Chichicastenango Guatemala has built a reputation for being the tourist market in Guatemala. Twice a week, hundreds of vendors set up their shops, anxiously waiting for busloads of visitors to arrive to buy colorful textiles, jewelry, and masks.
But beyond the Chichicastenango market, you’ll also find a town that still honors and celebrates its Mayan traditions with ceremonies you can (respectfully) observe.
Even though Chichi is a bit out of the way, it’s worth a visit if you have free time in Guatemala — and for most people, a morning is sufficient.
Shopping in the Chichicastenango Market
Like many Guatemalan cities, Chichicastenango has held a local market for many years. It started as a locals-only affair, with people in Chichi and the surrounding villages in the El Quiché department gathering to sell and/or shop for their necessities. At some point, a few tourists stumbled upon it, noticed the high quality handicrafts for sale, and word spread until more and more visitors came to check it out.
Now, every Thursday and Sunday, the town turns into a bit of a madhouse, full of Americans, Australians, and Europeans all anxiously waiting for a vendor with “a good price for you”.
Now that the secret is out, the market is larger than it ever was, trying to keep up with demand for the many visitors coming to shop. Vendors know they can charge tourists a higher price than they would for locals and everyone wants a piece of that action.
Unfortunately, for every beautiful display of handcrafted items, there is another shop with mass-produced knock-offs — beautiful quality items side-by-side with cheap ones (probably made in China) to entice tourists with low prices.
Other sellers disregard Guatemalan heritage entirely, offering souvenirs that have nothing to do with the arts and crafts that originally brought visitors to this mountain town.
If you’re shopping for artwork, be sure to research how to tell the real ones from fakes before you go so you come home with what you were hoping for. There are still treasures to find, but you’ll have to spend some extra quetzales to buy them.
Where the Locals Shop
Even on market days, you can escape the souvenir madness and mingle with the locals. People still commute in from mountain villages on Thursdays and Sundays to shop or trade in the Chichicastenango market.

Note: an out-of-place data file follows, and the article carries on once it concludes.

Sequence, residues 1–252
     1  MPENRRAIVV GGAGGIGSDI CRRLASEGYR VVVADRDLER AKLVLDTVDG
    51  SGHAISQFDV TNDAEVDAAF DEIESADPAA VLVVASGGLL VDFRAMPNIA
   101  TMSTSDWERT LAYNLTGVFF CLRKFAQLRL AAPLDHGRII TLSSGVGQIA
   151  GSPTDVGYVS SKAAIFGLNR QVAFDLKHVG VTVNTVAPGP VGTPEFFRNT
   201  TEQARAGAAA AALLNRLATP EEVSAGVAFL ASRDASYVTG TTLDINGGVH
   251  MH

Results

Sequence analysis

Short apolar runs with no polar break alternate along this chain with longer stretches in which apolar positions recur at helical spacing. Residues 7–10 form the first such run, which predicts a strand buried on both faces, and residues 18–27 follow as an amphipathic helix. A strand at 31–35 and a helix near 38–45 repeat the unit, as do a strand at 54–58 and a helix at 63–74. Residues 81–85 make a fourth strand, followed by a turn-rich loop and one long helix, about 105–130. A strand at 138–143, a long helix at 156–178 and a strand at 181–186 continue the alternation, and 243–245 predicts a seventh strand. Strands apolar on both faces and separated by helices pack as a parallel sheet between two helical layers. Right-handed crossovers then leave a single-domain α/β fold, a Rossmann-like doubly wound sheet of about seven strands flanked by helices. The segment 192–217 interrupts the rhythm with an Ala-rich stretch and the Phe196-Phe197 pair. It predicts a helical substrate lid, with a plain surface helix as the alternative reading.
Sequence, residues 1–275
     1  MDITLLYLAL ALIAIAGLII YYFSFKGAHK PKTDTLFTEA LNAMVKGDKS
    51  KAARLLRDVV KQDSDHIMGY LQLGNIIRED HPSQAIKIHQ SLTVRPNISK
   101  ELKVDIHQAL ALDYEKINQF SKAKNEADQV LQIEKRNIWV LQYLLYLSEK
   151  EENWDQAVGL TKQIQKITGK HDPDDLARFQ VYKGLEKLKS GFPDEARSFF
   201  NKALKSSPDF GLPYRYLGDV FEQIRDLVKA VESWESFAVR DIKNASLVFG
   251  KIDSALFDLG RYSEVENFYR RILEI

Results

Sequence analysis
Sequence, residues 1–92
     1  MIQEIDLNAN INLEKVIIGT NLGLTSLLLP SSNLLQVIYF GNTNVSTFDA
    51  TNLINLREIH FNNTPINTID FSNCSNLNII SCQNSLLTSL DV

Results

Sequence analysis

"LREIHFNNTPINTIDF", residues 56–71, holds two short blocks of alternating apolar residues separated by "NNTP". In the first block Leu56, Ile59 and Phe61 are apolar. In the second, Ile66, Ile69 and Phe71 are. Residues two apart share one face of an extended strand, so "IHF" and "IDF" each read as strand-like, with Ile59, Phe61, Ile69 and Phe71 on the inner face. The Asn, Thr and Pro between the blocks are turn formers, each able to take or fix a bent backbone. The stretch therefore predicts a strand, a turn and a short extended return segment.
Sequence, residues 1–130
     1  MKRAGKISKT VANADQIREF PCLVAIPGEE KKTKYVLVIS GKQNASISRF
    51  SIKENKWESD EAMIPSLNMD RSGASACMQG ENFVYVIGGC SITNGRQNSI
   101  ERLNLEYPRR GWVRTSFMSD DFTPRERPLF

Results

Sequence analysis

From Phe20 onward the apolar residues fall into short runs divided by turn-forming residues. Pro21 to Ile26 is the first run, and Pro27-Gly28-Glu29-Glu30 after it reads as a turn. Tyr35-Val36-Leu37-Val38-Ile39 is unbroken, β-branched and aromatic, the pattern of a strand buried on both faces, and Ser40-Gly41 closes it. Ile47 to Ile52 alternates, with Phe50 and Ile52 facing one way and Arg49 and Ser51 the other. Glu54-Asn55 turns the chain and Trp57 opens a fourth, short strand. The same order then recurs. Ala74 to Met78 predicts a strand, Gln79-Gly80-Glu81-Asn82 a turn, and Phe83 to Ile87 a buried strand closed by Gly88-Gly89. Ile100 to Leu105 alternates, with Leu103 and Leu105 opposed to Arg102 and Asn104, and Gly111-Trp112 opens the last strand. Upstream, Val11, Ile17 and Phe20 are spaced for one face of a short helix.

Hidden inside the town’s basketball court is where the real shopping goes on.
Here in the basketball court, you can observe from the second floor to watch everything going on or head down to the main level if you’d like a closer look (or to buy anything of your own!). This part of the market isn’t particularly different from the other produce markets throughout Guatemala, so even though it’s worth a quick peek, I didn’t spend much time here.
A few blocks away is the animal market, an area you won’t find in some of the other tourist towns and a part of Chichicastenango most tourists never see.
It’s interesting enough to watch the haggling over next month’s dinner, but I found myself continually wondering just how some of these animals got to or from the market on public transportation…
More so than the markets, it’s the Chichicastenango church that is a unique wonder in Guatemala.
The 400-year-old Iglesia de Santo Tomás still stays true to its Mayan traditions rather than converting all the way to Catholicism.
On Sundays, right next to the market, you can observe how today’s Catholic masses are interwoven with Mayan rituals due to the fact the church was built over an Mayan temple platform.
On the front steps to the church — one step for each month of the Mayan calendar — incense is burned and flowers and candles are sold for elaborate ceremonies. Inside, some locals chant in the K’iche’ language overlooking Mayan offerings in the back while others kneel in pews and recite the Nicene Creed in Spanish.
Even if you aren’t religious, this is an incredible coming together of languages, cultures, and religions. Please step in quietly and take a seat in the back; photography is not allowed.
The Chichicastenango Cemetery
Outside of town, traditions are even stronger, and two commonly active worship sites include the town cemetery and Pascual Abaj, a Mayan shrine. Unfortunately, both of been locations of previously-reported crimes against tourists, and so I hired an Inguat guide to accompany me, overpaying to make my point clear: no shopping, no commissions, and no kickbacks. I just wanted to observe the local culture.